2

I am currently a senior completing a Bachelors Degree of Science in Mathematics at Northern Arizona University. I am beginning to plan for graduate school. I will be applying to many Ph.D programs and a few Masters programs as a backup plan (all pure mathematics).

I am starting to think about how to write my personal statement. I am seeking advice regarding the process of writing a personal statement . I am mostly curious about what people usually talk about in these things. I obviously want to convey my interest and potential in mathematics research. But my problem is: I do not have the mathematical background to have an idea what I want to specialize in. I know that this hurts my chances at being competitive. My undergraduate degree has simply not exposed me to enough mathematics.

As far as research experience goes, I have done an undergraduate research project for credit for my degree. The topic was Hyperplane Arrangements. It culminated in a paper that will mostly serve as a summary of what we did as a resource for my adviser. It isn't something that is publishable since we did not prove anything significant.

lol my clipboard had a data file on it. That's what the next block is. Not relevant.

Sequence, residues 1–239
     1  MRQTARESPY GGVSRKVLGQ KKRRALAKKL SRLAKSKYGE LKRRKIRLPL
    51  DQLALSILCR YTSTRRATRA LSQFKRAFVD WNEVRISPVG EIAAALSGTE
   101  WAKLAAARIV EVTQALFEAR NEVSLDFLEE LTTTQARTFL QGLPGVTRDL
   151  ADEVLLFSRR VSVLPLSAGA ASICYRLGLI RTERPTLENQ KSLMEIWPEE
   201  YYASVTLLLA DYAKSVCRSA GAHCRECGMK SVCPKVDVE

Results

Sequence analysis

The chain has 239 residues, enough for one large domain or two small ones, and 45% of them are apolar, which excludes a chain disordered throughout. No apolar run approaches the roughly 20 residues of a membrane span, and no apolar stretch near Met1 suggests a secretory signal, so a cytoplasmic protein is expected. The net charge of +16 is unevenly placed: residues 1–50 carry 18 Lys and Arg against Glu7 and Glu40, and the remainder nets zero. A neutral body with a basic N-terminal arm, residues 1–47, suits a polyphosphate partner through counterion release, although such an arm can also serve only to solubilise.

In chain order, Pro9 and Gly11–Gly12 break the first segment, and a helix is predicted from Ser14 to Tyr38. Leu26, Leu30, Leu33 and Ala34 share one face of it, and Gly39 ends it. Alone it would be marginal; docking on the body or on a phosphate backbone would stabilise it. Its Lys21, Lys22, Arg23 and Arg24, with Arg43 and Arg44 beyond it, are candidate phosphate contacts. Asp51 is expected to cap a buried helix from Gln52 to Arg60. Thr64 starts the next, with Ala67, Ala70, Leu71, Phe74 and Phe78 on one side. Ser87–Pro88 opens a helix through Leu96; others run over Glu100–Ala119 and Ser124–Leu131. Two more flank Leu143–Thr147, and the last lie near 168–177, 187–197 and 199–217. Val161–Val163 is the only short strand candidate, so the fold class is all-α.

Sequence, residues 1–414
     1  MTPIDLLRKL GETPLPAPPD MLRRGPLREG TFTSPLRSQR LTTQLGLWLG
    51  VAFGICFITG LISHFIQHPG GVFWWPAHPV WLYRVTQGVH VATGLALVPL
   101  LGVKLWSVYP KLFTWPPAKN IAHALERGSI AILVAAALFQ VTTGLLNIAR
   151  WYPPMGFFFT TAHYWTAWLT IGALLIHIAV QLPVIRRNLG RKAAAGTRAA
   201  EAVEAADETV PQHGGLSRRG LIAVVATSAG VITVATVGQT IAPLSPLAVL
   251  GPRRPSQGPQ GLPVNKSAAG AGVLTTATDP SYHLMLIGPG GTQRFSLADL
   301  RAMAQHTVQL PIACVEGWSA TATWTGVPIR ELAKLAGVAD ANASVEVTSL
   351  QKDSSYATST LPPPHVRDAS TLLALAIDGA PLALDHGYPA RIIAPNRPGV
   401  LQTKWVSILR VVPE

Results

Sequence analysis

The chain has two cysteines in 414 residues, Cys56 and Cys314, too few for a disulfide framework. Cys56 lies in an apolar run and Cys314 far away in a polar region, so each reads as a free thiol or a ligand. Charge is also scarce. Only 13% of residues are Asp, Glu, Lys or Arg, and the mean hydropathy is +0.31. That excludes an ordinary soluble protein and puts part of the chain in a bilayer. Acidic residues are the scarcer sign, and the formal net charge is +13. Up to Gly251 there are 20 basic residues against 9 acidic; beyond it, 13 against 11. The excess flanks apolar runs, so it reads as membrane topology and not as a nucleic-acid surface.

I will also be participating in another project this year. We will be studying coxeter groups and their commutation graphs.

Both of these projects interest me but I do not have the breadth of knowledge to decide if these are something I want to spend years specializing in.

I appreciate any advice - relevant to my concerns or just advice in general.

Thank you.